No. Although Carolyn said, “Kellogg is a breakfast cereal. Post is a breakfast cereal. It’s totally me.” I’m like, “No, it’s not you.” She’s sort of an amalgam of Maud Newton and Mark Sarvas. I borrowed Sarvas’s “we.” He’s always like, “We are not amused by this book.” Who are you, the Queen of England? I like Mark and his blog but dude, really, relax. I think a lot of these people got their book deals because they had popular blogs. At one point, Harriet says everyone who has a lit blog is an aspiring author. Of course her book was published by the University of Central South Dakota Press—and she sold 300 copies!

I know it’s fiction but how did you get over 300 people into Sepp’s reading where he disrobes at Book Soup?
I imagined the annex was still there. I thought it was the appropriate place for him because they do a lot of celebrity stuff. People may have been outside or lined up down the street. Maybe not everyone saw the incident.

When his reading goes awry, were you thinking of Jim Morrison in Miami?
I was thinking about the fact that he was someone who was always asked to take off his clothes. The genesis of that whole character was a picture I saw on the Carson Daly Show when Michael Phelps had just won all these gold medals. He pulled his shirt up to show his abs and he got a standing ovation. No offense to Michael Phelps, but why are we applauding his abs? When I saw that, I thought, What is wrong with our culture? Think about France, which is fairly intellectual; they’re not going to stand up and applaud anybody’s physique.

French intellectual Bernard-Henri Lévy doesn’t button his shirts.
That’s true. But it’s a philosophical thing. It’s above our heads. 

Are you a reality TV fan? Do you have favorite shows?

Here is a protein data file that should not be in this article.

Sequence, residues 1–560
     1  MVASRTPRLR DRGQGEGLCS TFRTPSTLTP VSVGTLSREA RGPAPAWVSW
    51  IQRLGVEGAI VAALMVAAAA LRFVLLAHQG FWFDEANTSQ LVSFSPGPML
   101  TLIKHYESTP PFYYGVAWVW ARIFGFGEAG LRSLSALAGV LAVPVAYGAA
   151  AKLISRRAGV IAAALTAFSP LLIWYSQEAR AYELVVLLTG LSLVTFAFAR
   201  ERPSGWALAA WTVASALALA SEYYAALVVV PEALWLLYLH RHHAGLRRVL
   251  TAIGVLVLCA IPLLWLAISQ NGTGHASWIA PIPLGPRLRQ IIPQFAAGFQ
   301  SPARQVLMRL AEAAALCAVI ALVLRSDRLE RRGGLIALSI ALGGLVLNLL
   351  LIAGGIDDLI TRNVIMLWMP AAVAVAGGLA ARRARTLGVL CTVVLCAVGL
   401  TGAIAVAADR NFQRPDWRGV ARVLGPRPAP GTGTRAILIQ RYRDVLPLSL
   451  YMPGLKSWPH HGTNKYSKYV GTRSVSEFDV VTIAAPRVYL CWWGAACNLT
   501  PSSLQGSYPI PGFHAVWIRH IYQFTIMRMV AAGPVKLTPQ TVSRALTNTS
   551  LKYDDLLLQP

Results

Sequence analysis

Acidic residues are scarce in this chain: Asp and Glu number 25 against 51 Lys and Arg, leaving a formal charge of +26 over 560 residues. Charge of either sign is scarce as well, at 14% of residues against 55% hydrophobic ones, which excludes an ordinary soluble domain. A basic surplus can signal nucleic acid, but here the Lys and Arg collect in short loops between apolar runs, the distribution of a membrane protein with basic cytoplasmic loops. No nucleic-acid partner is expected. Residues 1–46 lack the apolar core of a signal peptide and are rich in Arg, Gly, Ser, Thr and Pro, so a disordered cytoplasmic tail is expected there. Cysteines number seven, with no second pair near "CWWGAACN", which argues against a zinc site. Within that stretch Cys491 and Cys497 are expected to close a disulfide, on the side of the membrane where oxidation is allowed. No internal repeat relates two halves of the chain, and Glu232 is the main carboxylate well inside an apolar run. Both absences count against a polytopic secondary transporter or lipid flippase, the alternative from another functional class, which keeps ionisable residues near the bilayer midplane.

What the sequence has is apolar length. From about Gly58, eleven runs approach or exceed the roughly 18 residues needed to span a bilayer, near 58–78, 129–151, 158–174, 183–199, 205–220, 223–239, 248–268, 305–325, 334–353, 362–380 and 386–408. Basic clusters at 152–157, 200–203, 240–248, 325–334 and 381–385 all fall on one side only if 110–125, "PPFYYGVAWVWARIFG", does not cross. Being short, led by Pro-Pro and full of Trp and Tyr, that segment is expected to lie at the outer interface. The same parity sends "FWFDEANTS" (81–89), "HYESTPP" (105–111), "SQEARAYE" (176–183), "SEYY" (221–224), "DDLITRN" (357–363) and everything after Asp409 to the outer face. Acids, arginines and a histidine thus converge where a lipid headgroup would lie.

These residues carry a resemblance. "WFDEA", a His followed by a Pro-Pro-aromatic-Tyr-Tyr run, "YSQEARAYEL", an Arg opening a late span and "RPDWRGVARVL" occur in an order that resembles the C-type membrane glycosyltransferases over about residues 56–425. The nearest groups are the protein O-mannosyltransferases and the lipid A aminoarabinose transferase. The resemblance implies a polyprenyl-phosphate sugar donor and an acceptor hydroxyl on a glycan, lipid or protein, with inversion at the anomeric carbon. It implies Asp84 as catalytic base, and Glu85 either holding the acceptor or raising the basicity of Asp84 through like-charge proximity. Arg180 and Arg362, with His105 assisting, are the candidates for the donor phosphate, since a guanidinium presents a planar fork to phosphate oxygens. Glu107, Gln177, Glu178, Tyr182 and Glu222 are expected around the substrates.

I love The Amazing Race. It’s my favorite television show of all time. I like to travel. To watch these average Americans go to a third-world country and melt down, it’s kind of great. I watched a lot of Jersey Shore. I don’t know why, but I found it addicting. When you watch reality TV you see these people on, say, The Bachelor and The Bachelorette (I watched a lot of those), there’s a bartender from Omaha, Nebraska who comes to L.A. and is on a show for maybe 6 or 7 weeks. He doesn’t go home. He’s changed in some fundamental way by being on that show.

I was thinking about the episode of Star Trek: Voyager you wrote, “Repression,” which is a Manchurian Vulcan episode.
How dare you bring that up! (laughing) We’re talking about books.

It explores similar questions of identity as in your books. The episode involves a murder that occurs in a holodeck version of an old movie theater. It’s not reality TV but it is an altered reality.
You thought about that episode more than I did. One of my favorite conversations with a journalist ever was a guy who asked, “So for your bio, you want me to mention that you wrote one episode of Star Trek?” I hesitated and he goes, “I know. It’s hard enough to get laid in this town without people thinking you’re a Star Trek writer.”

What did you leave out of this book?
Someone needs to write about how abusive the reality shows are to the contestants. I have friends who work on Hell’s Kitchen and they sleep deprive those people, get them drunk, and have them eat unhealthy food so they’re wrecks. Then they’re put in a stressful situation so of course they freak out. On The Bachelor, the producers will lie to them, they’ll provoke them. That happens on all those shows.

Sepp’s got PTSD from doing reality TV. He doesn’t understand reality anymore because it has all been edited for him. My favorite part of the book is when he says, “We’ll just do this and they’ll fix it in post. I don’t have to make sense out of it.”

You’re working on a book about nudism.
It’s the history of nudism interspersed with my experiences of going to nudist sites around the world. After I did the book about the world of cannabis growers and strain hunters [Heart of Dankness], I was thinking about other misunderstood subcultures, spitballing with my agent at Grove and I said, yeah, take nudists. They said that sounds great, we’ll buy that book. Then I had to hike through the Alps naked with a bunch of strangers, which I did. I have a nude cruise coming up in February.

Who are your favorite satirists?
That’s a good one because satire is really tough. For me, it’s satire that doesn’t present itself as satire. Nicholson Baker is sneaky. Geoff Dyer is sneaky. Sarah Levine wrote a book called Treasure Island!!! that is a brilliant satire. I try to be sneaky. I think comic novels are a bit of a lost art.

Do you anticipate some repercussions from your book?
I hope so. As Kingsley Amis said, “If you can’t annoy somebody, there is little point in writing.”